Surrounded by their 'sea of orange,’ experienced Randolph seeking state softball title

The Randolph Rockets made an unexpected state run a season ago, but now have their sights set on their second state title in three seasons.

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Randolph junior Carly Kimmes high-fives coach Dennis Trom after hitting a home run earlier this season. Kimmes and Randolph are seeking the program's second state title in three years.
Contributed / Rebecca Blonigen, Keri Berquam

RANDOLPH — It’s not difficult to find the Randolph softball supporters, even in the zoo that is Caswell Park at state tournament time.

For starters, the number stands out.

One would think the whole town was there as they fill the stands and sprawl out down one of the baselines. And they all wear bright, neon-like orange and make a world of difference.

“Our community really rallies around all of us,” All-State infielder Carly Kimmes said. “If we send out a fundraiser, everyone in the community is sending it to all these other different cities. Everyone's pitching in. And then coach (Dennis) Trom always loves a sea of orange. Orange is Randolph’s color and just seeing our community coming together and supporting us at all of our games and for the past couple years that we've been at state, we're always like 'oh, the sea of orange' and when other teams see all this orange, they're like, ‘oh, they're from Randolph,’ because no other team has like a community like us.”

A young Rockets squad got to witness that "sea of orange" first-hand after making a somewhat unexpected run last season.


In fact, coach Dennis Trom wasn’t shy in admitting he had his own question marks when it came to an inexperienced squad a year ago.

After all, the team had just lost 10 seniors — seven starters — that had officially put Randolph softball on the map with a state title in 2021. That included standout pitcher Morgyn Otte — a Ms. Softball finalist who now pitches at Southwest Minnesota State University in Marshall.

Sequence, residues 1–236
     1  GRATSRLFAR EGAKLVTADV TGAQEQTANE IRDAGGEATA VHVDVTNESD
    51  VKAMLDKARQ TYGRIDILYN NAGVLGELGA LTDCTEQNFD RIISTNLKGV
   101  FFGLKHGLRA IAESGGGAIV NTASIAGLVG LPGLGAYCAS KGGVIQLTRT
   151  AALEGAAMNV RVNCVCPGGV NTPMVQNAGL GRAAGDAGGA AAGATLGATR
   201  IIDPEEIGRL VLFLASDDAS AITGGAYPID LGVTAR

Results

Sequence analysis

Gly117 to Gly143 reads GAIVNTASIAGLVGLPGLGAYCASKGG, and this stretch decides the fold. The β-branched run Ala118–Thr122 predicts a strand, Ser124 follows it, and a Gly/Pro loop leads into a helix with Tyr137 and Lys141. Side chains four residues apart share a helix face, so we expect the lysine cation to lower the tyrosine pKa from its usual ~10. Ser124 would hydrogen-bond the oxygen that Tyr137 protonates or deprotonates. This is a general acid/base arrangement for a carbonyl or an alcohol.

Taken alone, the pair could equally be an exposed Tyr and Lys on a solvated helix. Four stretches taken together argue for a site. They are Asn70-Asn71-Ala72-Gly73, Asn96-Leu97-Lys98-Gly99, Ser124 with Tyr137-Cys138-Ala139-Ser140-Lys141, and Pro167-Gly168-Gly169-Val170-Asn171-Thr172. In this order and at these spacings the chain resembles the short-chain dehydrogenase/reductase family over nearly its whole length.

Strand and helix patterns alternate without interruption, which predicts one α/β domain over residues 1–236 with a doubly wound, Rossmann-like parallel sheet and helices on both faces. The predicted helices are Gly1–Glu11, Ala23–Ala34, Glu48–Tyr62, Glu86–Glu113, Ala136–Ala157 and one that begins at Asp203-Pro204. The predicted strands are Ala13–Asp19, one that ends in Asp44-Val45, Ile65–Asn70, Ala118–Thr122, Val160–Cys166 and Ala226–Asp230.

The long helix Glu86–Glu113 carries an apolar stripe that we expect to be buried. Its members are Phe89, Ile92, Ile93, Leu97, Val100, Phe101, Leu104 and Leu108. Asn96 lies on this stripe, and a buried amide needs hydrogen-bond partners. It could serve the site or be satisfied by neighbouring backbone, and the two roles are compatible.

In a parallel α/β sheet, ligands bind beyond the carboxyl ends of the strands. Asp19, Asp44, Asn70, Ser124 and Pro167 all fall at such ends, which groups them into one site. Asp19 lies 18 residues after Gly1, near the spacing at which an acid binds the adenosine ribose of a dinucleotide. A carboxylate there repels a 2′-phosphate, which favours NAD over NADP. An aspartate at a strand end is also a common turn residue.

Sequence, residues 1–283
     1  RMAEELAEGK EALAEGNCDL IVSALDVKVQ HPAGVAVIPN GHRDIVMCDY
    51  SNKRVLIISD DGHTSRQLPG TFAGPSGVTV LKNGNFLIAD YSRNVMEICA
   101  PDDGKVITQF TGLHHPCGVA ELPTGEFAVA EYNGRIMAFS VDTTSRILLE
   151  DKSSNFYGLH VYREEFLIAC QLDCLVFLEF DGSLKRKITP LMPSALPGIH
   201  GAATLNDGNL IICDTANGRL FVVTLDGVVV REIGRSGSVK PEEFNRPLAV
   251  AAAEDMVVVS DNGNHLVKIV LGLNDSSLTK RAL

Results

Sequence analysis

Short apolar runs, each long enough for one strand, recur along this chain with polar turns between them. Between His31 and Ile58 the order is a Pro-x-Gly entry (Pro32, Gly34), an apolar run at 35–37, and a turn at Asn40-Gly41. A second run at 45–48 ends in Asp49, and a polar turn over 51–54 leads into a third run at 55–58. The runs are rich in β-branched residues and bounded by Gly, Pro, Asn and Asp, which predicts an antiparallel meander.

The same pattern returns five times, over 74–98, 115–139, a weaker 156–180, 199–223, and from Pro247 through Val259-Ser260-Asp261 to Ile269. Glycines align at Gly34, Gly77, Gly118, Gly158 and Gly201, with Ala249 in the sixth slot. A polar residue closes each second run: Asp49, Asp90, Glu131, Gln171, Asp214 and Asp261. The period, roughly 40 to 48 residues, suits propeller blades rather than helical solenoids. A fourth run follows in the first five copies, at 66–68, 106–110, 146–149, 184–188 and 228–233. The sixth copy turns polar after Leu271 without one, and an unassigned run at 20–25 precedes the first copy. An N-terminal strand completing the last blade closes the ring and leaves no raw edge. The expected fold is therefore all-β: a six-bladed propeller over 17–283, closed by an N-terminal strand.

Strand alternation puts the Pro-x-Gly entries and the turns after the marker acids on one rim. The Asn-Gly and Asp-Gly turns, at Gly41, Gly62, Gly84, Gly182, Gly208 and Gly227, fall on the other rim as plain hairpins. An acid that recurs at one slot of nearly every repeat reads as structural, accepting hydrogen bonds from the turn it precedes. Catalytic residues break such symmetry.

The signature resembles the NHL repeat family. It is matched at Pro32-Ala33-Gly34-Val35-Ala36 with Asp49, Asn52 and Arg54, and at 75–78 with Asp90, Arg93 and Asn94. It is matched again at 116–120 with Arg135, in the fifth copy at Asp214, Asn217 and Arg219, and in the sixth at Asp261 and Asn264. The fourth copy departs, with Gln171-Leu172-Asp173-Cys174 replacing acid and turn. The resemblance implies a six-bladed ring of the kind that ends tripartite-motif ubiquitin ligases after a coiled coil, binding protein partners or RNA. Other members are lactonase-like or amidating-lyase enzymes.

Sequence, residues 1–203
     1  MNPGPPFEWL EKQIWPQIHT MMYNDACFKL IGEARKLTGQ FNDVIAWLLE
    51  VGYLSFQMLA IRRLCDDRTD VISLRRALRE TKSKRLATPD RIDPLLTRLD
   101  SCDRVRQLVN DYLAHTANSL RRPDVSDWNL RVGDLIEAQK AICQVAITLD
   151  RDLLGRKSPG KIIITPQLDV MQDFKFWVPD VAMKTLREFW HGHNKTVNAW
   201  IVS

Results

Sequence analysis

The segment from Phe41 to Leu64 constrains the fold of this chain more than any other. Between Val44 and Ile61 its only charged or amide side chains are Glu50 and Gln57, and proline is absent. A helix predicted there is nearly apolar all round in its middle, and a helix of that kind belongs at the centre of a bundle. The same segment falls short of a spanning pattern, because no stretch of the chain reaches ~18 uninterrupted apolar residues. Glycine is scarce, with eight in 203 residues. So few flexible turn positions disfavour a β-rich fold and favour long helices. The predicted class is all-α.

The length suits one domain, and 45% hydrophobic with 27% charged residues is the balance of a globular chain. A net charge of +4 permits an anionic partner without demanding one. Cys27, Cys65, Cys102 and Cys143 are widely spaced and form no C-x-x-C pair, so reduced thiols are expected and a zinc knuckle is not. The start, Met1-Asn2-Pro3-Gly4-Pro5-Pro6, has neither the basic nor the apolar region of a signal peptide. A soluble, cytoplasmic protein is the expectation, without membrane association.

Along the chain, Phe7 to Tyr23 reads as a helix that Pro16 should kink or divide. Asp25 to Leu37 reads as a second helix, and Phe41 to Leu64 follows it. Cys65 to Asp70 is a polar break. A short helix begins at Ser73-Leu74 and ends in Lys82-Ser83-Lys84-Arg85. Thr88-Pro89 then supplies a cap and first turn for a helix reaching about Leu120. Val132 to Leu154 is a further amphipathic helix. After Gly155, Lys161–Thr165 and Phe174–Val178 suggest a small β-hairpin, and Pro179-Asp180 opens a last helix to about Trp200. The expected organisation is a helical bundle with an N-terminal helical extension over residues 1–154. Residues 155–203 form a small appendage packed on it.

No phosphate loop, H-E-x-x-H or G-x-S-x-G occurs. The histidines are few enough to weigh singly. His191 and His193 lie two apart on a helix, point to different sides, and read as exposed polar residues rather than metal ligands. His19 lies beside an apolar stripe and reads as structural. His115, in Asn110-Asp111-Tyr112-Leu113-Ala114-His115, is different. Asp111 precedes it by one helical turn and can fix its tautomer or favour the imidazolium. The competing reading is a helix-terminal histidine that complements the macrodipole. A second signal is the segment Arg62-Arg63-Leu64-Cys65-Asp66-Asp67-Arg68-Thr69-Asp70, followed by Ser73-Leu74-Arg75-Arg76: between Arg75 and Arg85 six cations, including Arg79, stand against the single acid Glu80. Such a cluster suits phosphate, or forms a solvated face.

Filling her shoes was freshman Carter Raymond — one of many underclassmen who were expected to fill key roles. So Trom did his best to temper expectations a bit.

“We weren't real sure what — we knew we had good kids coming back,” Trom said. “But we didn't know ... I didn't know how Carter was going to be on the mound. I didn’t know how a bunch of freshman (would acclimate to the varsity).”

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Randolph sophomore Carter Raymond fires a pitch during a game earlier this season.
Contributed / Rebecca Blonigen, Keri Berquam

Trom was up front about that with his two standouts — Kimmes and Raymond. Yet, it didn’t take long for Kimmes to realize that her coach had nothing to fear. It turns out this group was more than ready.

“We started the season off and coach Trom talked to me and Carter and he was like, 'hey, we're not sure what we are going to have this year' and personally I had never really seen any of these other girls play before for us,” Kimmes said. “I'm like, 'OK, let's just try our best this year, whatever happens, happens.' Nobody was really expecting us to do anything. And all of a sudden, we get two weeks into the season and I'm like, 'Oh, we could really be good this year. We could actually go somewhere.'"

Kimmes’ hunch was right.

The Rockets blew away nearly everyone’s expectations, capturing another Gopher Conference title en route to the program’s fourth consecutive trip to the state tournament.


Surrounded by their sea of orange, the young Rockets surged into the Class A state semifinals, where the young roster stood out to their competitors.